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Backpacker Magazine – January 2009

Dogs of War

Another dead Denali wolf. A battle for the soul of wild Alaska. Our reporter visits America's most iconic wilderness for the inside story of a park under siege.

by: Tracy Ross

PAGE 1 2 3 4 5 6 7 8
10-week-old Toklat pups (Gordon Haber)
10-week-old Toklat pups (Gordon Haber)
The shed at Wallace's compound. (J. Vandenoever)
The shed at Wallace's compound. (J. Vandenoever)
A wolf skull. (Julia Vandenoever)
A wolf skull. (Julia Vandenoever)
Wallace at his hunting camp. (J. Vandenoever)
Wallace at his hunting camp. (J. Vandenoever)
Gordon Haber (Photo by Julia Vandenoever)
Gordon Haber (Photo by Julia Vandenoever)
Wallace tows dead female wolf. (Gordon Haber)
Wallace tows dead female wolf. (Gordon Haber)
A drying rack. (Julia Vandenoever)
A drying rack. (Julia Vandenoever)
Wallace in front of wire snares. (J. Vandenoever)
Wallace in front of wire snares. (J. Vandenoever)
Denali wolf with snare. (Gordon Haber)
Denali wolf with snare. (Gordon Haber)
Barrette working in his tannery. (Vandenoever)
Barrette working in his tannery. (Vandenoever)

Last March, I went to see Interior Alaska's foremost trap-builder and fur tanner, Al Barrette, to talk about wolf management. Inside his converted air hangar on the outskirts of Fairbanks, I saw a dead wolf hanging from the ceiling with the snare that killed her still dangling around her neck.

"So you girls are going trapping with Coke?" asks Al, 43, who owns Fairbanks Fur Tannery. As an elected member of the Fairbanks Fish and Game Advisory Committee, Al is also a passionate advocate of hunters' rights.

Standing amid bear, wolverine, and lynx carcasses, Al tells photographer Julia Vandenoever and me about trappers as he slices open the dead wolf's gut. On the floor, a dozen sticky wolf eyes stare out from a pile of recently severed heads.

Al says trappers are, by nature, individualistic, resourceful, and deeply connected to the land. Most consider themselves more effective conservationists than "preservationists" who write checks and fire off save-the-wolf emails. Denali wolves receive special consideration, he says, because they're cute and cuddly and you can't see them everywhere. But he believes all game should be managed for the greatest sustainable yield. "I don't want all the wolves gone," he says, "but I want them managed in sync with the other populations."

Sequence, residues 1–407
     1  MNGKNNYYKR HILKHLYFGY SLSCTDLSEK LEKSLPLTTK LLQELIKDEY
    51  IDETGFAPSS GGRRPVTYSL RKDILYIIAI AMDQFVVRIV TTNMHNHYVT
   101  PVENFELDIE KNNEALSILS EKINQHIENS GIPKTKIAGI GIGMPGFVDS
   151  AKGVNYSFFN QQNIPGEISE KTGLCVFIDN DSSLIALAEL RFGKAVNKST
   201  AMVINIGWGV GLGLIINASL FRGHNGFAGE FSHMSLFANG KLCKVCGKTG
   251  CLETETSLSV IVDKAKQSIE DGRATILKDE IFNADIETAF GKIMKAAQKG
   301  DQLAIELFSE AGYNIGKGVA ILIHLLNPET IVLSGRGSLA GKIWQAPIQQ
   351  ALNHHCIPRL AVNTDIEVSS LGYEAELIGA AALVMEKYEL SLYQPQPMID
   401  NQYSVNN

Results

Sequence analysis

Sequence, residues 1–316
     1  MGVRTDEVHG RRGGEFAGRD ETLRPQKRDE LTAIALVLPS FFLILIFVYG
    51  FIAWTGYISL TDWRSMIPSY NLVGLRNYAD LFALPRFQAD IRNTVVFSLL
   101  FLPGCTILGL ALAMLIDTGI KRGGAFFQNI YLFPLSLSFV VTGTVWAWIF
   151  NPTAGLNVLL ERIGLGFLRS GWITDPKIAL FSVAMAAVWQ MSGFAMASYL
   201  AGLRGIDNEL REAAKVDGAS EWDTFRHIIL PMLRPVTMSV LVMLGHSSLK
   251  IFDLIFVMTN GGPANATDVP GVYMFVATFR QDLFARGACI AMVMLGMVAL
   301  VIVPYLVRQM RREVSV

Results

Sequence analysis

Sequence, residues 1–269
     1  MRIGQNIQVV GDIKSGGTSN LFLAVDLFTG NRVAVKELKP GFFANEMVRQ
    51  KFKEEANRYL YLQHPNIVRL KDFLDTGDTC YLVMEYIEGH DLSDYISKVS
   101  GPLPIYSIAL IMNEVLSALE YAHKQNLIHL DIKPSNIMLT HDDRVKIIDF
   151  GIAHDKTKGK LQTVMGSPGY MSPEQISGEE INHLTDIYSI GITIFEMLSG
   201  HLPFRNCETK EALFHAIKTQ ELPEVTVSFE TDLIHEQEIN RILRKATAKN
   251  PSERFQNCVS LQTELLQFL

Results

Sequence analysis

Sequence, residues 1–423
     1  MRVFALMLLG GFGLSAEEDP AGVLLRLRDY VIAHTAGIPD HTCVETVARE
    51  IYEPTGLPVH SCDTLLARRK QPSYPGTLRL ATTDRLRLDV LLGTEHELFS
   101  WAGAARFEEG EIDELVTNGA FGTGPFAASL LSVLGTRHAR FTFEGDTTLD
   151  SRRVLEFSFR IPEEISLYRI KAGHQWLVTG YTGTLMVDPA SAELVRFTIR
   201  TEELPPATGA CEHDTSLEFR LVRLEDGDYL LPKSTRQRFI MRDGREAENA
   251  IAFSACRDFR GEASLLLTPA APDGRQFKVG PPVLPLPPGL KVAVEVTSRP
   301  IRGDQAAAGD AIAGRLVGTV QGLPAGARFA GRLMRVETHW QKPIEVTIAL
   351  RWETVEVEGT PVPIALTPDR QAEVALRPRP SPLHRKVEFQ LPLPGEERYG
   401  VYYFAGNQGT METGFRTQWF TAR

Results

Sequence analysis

According to Game Commissioner Cliff Judkins, that's exactly what state biologists do. "They report on the populations of certain game, like moose," Judkins says. "They tell us what the calf weights are, what the cows' fat contents are, what the bull-cow ratio is. Based on their recommendations, we set the number of wolves we want to reduce, so the game can rebound. It's really well-documented. It's all in the plan."

The same thinking underlies Denali's wolf management philosophy. "[We're] mandated to maintain healthy populations," says Denali Assistant Superintendent Philip Hooge, himself a biologist. "Wolf advocates want an individual focus, but that's not the management scheme we work under. If harvest levels [in the buffer] began to threaten the park's wolf population, we'd take a much stronger stand, but for now, Denali's wolf population is acting in a natural way."

But not everybody agrees that the plan is based on sound science. "The National Research Council and the American Society of Mammologists have repeatedly made clear that Alaska's wolf and bear control programs do not meet scientific standards," says John Toppenberg of the Alaska Wildlife Alliance. "What you've got with the game board are seven out of seven extremist hunters who want to kill off wolves and bears to artificially inflate the numbers of ungulates they want to kill. And with the park service, you've got wolves that have been habituated to humans wandering into areas where trapping is legal. Those animals deserve protections since we have taught them to be tolerant of us."

As Al preps the dead wolf for skinning, I think about the alpha female in Coke's trap, how she suffered for two weeks; how her mate and nine pups hovered while Coke put a bullet into her lung. Afterward, the alpha male led the group 14 miles back to their den and dug it out from under two feet of snow. Gordon says they didn't go there looking for shelter; they returned because it's the place they most closely associated with their dead mate and mother.

Some people believe that Toklats wouldn't be dying if the park would just stand up and demand a complete buffer. But Al says there's no way the state would go for that. "The controversy isn't so much that people don't want to see that pack protected. But has anyone told you how big Denali is? Millions of acres. The government set that aside so the ecosystem could go in peaks and valleys [and] to protect these wolves. Well, come to find out, the wolves don't stay in the park. So the preservationists, thinking they have the oldest pack of wolves in Alaska, made a buffer zone."

But the buffer zone only allowed the wolf population to grow larger, says Al, which meant it needed an even greater range to satisfy its food needs. "So they asked for another buffer–a buffer to the buffer zone. And us Alaskans, we're out there trapping and enjoying ourselves. And guess what? [Even with the buffer] we're still catching wolves."

Now Al takes a break from talking. He breaks the wolf's right leg at the knee, then skins the foreleg and cuts off the paw. "Someone will use this as a decoration or for an Indian breast shield," explains Al. "Another lady incorporates the bones into jewelry–broaches, earrings, and necklaces–and sells them in high-end galleries in Seattle."